|First Twenty20 international, Newlands:|
|England 134-8 (20 overs): Buttler 32*, Tahir 4-21|
|South Africa 135-7 (20 overs): Du Plessis 25, Jordan 3-23|
|South Africa won by three wickets|
England missed a run-out off the final ball as South Africa won the first Twenty20 international by three wickets in Cape Town.
England made only 134-8 despite being well set on 50-1 after six overs, Jos Buttler top-scoring with 32 not out while spinner Imran Tahir took 4-21.
The hosts needed 15 runs from the final over and two off the last delivery.
Chris Morris scampered two as bowler Reece Topley failed to collect Joe Root's throw from long-off.
Morris, who also produced a match-winning 62 off 38 balls in the fourth one-day international, finished with 17 not out off seven balls.
The defeat was England's fourth in a row following their 3-2 reverse in the one-day series, but only their first loss in seven Twenty20 internationals.
The second game of the two-match series takes places in Johannesburg on Sunday.
That will be England's last competitive match before their opening game of the World Twenty20 on 16 March.
England take it to the wire
England knew they needed wickets to have any chance of winning and their hopes were boosted when Chris Jordan (3-23) dismissed AB de Villiers cheaply and Ben Stokes (1-19) removed Hashim Amla for 22 in a wicket-maiden.
Adil Rashid claimed the wicket of JP Duminy and fellow spinner Moeen Ali struck twice, including the wicket of top scorer Faf du Plessis for 25, to make the hosts nervous.
David Miller hit a six and a four in the 18th over but Jordan had him caught on the boundary and bowled David Wiese via an inside edge in a superb penultimate over that cost only six runs.
After Kyle Abbott ran a single off the first ball of the final over, Morris struck successive full tosses from Topley for four and six.
However, a dot ball was followed by two to long-off, leaving Morris on strike for the last delivery of the game.
Root's throw on the bounce was accurate but Topley, at the non-striker's end, fumbled the ball with Morris short of his ground.
Had Topley completed the run-out, the game would have gone to a super over.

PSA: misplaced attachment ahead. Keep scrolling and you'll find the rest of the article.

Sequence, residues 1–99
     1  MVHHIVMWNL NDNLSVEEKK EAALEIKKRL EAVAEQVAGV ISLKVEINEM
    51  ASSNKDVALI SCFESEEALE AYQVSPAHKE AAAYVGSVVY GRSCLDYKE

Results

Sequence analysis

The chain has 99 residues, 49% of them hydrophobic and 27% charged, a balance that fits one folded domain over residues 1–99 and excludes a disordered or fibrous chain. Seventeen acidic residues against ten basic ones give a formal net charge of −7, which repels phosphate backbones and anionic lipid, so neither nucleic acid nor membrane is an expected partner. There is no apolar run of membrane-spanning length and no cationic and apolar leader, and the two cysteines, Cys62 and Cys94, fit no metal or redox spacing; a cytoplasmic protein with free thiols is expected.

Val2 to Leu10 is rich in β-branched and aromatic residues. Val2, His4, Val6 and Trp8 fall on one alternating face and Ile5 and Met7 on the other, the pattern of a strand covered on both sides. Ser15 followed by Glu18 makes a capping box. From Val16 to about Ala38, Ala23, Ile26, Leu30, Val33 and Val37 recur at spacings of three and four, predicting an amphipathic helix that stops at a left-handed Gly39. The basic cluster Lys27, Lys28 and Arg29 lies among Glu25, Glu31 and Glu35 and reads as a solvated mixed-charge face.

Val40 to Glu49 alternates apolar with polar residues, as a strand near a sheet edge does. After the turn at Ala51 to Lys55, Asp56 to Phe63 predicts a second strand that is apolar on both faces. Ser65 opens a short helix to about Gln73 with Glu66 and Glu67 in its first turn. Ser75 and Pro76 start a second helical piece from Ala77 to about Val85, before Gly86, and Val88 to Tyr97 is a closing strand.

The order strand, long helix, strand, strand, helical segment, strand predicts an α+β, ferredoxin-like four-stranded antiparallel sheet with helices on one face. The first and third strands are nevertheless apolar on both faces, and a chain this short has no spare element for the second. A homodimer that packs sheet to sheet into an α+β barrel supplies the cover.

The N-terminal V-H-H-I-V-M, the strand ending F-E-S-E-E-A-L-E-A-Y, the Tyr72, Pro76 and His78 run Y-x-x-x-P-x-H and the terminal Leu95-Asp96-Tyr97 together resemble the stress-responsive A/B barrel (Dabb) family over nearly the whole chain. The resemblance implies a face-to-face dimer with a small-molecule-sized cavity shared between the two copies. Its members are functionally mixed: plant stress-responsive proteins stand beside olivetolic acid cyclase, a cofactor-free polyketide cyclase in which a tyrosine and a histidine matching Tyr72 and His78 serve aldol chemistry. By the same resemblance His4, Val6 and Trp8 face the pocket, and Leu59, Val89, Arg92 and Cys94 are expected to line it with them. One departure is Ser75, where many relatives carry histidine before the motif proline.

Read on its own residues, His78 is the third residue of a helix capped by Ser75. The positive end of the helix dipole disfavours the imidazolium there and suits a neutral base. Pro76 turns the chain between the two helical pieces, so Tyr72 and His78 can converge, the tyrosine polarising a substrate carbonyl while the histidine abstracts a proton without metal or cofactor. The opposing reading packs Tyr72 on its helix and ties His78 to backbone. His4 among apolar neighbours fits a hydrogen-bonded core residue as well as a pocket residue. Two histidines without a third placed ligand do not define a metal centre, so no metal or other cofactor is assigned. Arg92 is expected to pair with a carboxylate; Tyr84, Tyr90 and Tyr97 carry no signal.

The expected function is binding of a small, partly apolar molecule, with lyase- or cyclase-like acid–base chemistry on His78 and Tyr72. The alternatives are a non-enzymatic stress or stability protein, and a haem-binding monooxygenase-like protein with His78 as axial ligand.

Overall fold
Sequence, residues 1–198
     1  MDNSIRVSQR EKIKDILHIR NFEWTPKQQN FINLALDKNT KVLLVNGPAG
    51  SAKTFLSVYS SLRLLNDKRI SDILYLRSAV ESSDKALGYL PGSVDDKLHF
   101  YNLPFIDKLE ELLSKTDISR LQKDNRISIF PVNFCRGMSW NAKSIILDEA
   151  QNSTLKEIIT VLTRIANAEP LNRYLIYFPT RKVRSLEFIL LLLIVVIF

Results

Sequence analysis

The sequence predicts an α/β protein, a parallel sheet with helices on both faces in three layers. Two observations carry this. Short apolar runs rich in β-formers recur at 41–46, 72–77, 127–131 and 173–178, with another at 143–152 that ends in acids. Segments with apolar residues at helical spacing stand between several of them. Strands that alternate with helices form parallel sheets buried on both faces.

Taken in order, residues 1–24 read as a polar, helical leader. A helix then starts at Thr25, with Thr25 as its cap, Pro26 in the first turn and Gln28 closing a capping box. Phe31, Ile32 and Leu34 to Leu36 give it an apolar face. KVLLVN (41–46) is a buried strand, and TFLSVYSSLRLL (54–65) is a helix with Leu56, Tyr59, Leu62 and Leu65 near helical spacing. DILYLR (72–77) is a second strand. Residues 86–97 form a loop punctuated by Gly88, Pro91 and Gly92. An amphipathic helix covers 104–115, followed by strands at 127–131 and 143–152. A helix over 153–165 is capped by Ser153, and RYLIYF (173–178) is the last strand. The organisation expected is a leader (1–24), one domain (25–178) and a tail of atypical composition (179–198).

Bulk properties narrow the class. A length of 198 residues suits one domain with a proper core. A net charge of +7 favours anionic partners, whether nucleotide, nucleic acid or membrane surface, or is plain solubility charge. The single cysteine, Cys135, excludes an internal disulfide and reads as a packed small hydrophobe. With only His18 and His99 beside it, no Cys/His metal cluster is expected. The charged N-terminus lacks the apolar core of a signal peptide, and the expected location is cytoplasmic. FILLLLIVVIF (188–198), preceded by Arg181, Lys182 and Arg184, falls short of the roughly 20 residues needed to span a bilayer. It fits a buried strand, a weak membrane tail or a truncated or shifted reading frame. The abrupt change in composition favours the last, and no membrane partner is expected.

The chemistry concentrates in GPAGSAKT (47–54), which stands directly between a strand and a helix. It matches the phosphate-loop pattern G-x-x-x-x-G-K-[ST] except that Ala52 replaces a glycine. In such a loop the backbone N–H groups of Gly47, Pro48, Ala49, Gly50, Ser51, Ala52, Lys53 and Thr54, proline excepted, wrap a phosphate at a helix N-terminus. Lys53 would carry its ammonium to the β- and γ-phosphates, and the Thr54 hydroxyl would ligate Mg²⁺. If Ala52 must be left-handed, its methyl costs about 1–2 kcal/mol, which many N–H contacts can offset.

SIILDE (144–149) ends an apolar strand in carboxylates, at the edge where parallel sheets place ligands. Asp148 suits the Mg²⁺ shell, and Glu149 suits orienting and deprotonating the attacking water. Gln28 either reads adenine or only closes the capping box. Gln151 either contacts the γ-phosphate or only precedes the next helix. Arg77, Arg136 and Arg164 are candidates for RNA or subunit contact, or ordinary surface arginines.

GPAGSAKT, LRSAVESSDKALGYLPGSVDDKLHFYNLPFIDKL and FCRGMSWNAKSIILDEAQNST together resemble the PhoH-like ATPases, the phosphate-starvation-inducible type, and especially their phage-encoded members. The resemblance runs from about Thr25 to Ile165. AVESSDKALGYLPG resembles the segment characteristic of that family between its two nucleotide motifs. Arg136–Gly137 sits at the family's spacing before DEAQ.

Brilliant Tahir pegs back England
Alex Hales helped get England off to a promising start with the bat but became Tahir's first wicket when he was caught for 27, Duminy taking a high catch despite team-mate Kagiso Rabada almost rugby-tackling him in a race for the ball.
Three balls later Root fell for eight to Wiese's first delivery and Stokes was stumped off Tahir the ball after hitting a muscular six.
Tahir then dismissed Morgan for 10 and Moeen first ball, and came within a whisker of a hat-trick as Jordan was beaten by a googly that went between bat and pad.
Helped by the accurate Wiese, who conceded only 19 off four overs, South Africa allowed only one boundary between the start of the eighth over and the end of the 14th.
England's 100 came up in 16th over but with Buttler restrained by the circumstances, they were unable to set the total they would have desired.
South Africa are now unbeaten in their past 13 matches against England at Newlands - a run that goes back to January 1957.
They have won 10 and drawn three matches, having played six Tests, five ODIs and two T20s.
'We should have won'
England captain Eoin Morgan: "After a pretty poor batting display our bowlers nearly pulled it out of the bag.
"Stokes and Jordan got as much as they could out of the pitch. The more and more we play the more responsibility the bowlers take on their shoulders.
"We created chances with an under-par score. That is a huge positive.
"We have had a reasonably good run in T20s and probably should have won tonight when we didn't deserve to."
'The million-dollar man saved us'
South Africa captain Faf du Plessis: "That's a massive get-out-of-jail card.
"Neither team played their best because the wicket was two-paced and not a normal T20 wicket, but I have a smile on my face because we won.
"We didn't start well. Twenty20 cricket is all about executing plans and we let them get away at the start. Our bowlers came back by getting wickets.
"We tried to learn from their mistakes - maybe they went a bit hard at the ball - and we tried to play deeper. We messed it up a little but Chris Morris, the million-dollar man, saved us."